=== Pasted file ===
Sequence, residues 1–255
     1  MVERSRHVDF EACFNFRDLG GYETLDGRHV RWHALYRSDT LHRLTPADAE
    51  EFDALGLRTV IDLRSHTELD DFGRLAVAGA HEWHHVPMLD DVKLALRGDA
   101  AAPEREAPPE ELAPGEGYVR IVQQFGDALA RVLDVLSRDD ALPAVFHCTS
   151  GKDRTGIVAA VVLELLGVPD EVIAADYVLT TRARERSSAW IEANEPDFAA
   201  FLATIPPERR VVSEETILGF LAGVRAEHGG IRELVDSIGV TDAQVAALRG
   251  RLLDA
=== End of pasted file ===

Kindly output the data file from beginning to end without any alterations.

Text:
Sequence, residues 1–255
     1  MVERSRHVDF EACFNFRDLG GYETLDGRHV RWHALYRSDT LHRLTPADAE
    51  EFDALGLRTV IDLRSHTELD DFGRLAVAGA HEWHHVPMLD DVKLALRGDA
   101  AAPEREAPPE ELAPGEGYVR IVQQFGDALA RVLDVLSRDD ALPAVFHCTS
   151  GKDRTGIVAA VVLELLGVPD EVIAADYVLT TRARERSSAW IEANEPDFAA
   201  FLATIPPERR VVSEETILGF LAGVRAEHGG IRELVDSIGV TDAQVAALRG
   251  RLLDA